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A professor at the University of Toronto is waging war on an Orwellian bill being pushed through Canada’s legislature.
Bill C-16 would add ‘gender identity’ to Canada’s legal code, and make it a punishable offense to ‘misgender’ someone. Put differently, some politicians in Canada are trying to weaponize speech. They want to make it a human rights violation to refer to someone by the ‘wrong’ gender pronoun.
Professor Jordan Peterson has pushed back against the proposed legislation in a series of videos on his YouTube channel.
Peterson’s opposition has been reported on by The College Fix, and he recently laid out his case during an interview on the Joe Rogan experience.
During his interview with Rogan, Peterson said he had been threatened professionally for opposing the legislation on grounds that he created a climate of ‘fear’ and ‘danger’ on campus.
He also did an interview with C2C Journal where he shed light on his fight against ‘compelled speech.’
“This is very compelled speech. The Supreme Court in the United States has held that compelled speech is unacceptable for two reasons. One is to protect the rights of the speaker, the other is to protect the rights of the listener. The listener has the right to be informed and instructed without being unduly influenced by hidden sources. If your speech is compelled, it isn’t YOU who is talking, it’s some other entity that’s compelling your speech. So I actually think that Bill C-16 is unconstitutional. I’m using American case law, but the principles apply. It just hasn’t been pushed to our Supreme Court yet.”
That term ‘compelled speech’ is incredibly salient to this entire debate.
A fellow Marine who I have a great deal of respect for is in the process of transitioning from male to female. As such, the Marine that I knew for years as ‘he’ now asks to be referred to as ‘she’ and that’s exactly how I refer to her. I don’t do it because of government compulsion, I do it because I believe it is the right thing to do. If she and I were catching up over beers in a bar and someone referred to her as ‘he,’ I’d most likely correct them, but I certainly wouldn’t seek criminal charges because of a faux pas nor would I support my friend in filing a lawsuit against the offending party.
If I’ve said it once I’ve said it a thousand times, outside of libel, slander, and legitimate threats to physical safety there is no reason to criminalize or otherwise prohibit or punish any element of speech, thought, or expression. This is especially true in a liberal western society.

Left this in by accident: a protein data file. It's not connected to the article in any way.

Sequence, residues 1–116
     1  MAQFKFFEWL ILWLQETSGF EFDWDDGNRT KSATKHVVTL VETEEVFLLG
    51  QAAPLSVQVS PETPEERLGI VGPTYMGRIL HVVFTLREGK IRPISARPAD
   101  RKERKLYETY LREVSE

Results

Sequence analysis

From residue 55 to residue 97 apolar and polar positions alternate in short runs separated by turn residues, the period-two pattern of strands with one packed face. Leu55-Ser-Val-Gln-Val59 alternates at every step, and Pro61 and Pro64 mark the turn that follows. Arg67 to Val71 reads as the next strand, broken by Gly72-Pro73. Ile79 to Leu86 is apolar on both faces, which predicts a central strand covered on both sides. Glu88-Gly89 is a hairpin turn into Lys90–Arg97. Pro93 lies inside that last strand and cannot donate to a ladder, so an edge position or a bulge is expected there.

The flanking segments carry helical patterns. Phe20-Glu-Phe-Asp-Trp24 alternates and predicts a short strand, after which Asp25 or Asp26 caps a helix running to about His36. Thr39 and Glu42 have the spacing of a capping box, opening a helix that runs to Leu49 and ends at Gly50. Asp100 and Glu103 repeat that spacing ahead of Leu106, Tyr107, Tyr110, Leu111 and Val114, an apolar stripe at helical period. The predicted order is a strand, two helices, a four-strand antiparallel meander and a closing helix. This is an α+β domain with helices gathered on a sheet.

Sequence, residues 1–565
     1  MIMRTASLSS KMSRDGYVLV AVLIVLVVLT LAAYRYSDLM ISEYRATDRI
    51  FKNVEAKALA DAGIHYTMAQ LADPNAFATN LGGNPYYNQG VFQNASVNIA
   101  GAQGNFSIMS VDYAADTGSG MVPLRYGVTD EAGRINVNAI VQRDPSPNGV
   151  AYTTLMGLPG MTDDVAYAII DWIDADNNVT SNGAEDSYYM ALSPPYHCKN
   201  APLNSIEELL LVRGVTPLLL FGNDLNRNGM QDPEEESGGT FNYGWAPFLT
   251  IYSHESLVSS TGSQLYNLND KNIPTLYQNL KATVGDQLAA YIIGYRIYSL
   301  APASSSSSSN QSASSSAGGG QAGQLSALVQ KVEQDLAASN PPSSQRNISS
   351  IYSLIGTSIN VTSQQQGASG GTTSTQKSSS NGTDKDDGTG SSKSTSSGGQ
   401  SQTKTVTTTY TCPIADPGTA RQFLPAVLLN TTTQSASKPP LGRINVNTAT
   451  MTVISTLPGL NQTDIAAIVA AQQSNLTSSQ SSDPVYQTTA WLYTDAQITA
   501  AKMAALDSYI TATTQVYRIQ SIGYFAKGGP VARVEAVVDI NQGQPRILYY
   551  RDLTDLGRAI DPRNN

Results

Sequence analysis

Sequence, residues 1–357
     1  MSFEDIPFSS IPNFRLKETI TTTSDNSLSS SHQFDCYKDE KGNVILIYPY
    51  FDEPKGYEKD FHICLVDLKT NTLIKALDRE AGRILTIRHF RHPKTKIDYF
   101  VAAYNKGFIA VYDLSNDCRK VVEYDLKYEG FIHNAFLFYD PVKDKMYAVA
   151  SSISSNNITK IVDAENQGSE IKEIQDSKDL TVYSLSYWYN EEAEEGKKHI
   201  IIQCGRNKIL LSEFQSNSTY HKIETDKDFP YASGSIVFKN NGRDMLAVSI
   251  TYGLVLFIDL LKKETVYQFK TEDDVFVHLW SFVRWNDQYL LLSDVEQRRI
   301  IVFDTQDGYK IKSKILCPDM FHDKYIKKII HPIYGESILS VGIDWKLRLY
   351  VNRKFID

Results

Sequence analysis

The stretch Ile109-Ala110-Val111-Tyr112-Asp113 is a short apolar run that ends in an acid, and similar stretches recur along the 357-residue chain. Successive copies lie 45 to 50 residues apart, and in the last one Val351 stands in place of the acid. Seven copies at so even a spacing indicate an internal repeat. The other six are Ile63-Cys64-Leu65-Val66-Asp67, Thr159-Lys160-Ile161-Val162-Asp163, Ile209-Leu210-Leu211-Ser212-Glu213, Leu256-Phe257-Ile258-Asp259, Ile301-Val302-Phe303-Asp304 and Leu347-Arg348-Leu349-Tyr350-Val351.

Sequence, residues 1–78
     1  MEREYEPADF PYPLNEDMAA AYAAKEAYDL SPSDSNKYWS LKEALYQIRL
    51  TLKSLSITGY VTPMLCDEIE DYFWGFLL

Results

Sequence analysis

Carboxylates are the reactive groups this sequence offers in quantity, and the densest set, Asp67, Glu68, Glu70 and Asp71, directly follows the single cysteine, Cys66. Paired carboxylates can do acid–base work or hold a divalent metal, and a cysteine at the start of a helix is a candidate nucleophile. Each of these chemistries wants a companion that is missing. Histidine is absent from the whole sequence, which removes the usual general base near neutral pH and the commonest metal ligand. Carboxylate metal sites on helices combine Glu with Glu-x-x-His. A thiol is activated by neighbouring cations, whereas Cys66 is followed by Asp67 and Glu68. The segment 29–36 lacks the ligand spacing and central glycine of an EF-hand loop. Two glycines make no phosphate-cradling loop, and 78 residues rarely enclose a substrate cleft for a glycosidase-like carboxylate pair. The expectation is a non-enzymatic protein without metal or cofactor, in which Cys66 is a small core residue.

For argument’s sake let’s say this bill passes into law in Canada. It would then give anyone who wanted it, license to pursue legal action against another person for holding an opinion that is unpopular in certain social circles. That’s not how a free society is supposed to work. We should not be relying on the law to enforce politeness in a free society. In fact, here in the U.S. one of the cornerstones of our freedom is the fact that we are granted the unalienable right to offend.
Simply put: punishing people for expressing an unpopular opinion should not be considered a hate crime and it is antithetical to a free society.
But beyond that it’s a surefire way to breed resentment between two sides of a culture war who already disagree on almost everything. A better way to convince people to use the ‘appropriate’ gender pronoun would be a public information campaign that targets people’s sense of compassion and empathy.
But as Peterson points out:
“The thing is if you replace compassion with resentment, then you understand the authoritarian left. They don’t have compassion, there is no compassion there. There’s no compassion at all. There is resentment, fundamentally.”
In Canada, the left has been treating Human Rights Tribunals as a way to punish comedians, academics, and anyone else who fails to conform and get in step with their publicly accepted world view.
The successful passage of this legislation would strike another blow for a political movement that wants to criminalize certain forms of speech. It’s not outside of the realm of possibility for the Canadian government to make it completely illegal to say anything that offends at all, and if that happens then the right to free speech will cease to exist.
And before you dismiss this as a ‘Canadian issue’ that has no impact on the United States, understand this: Canadian Prime Minister Justin Trudeau is incredibly popular among American liberals, and if passed and accepted up there this type of legislation could absolutely rear its ugly head in America. In some ways a light form of it already has. In New York City mayor Bill de Blasio (who has exhibited some seriously Trudeau-like tendencies) has enacted legislation that would fine businesses for misgendering people. If this trend continues, then one of our most important rights – the right to speak our minds – could very well be in peril.
This contributor is a Marine veteran that has served in the Middle East. Due to the sensitive nature of his current job, he has requested to remain anonymous.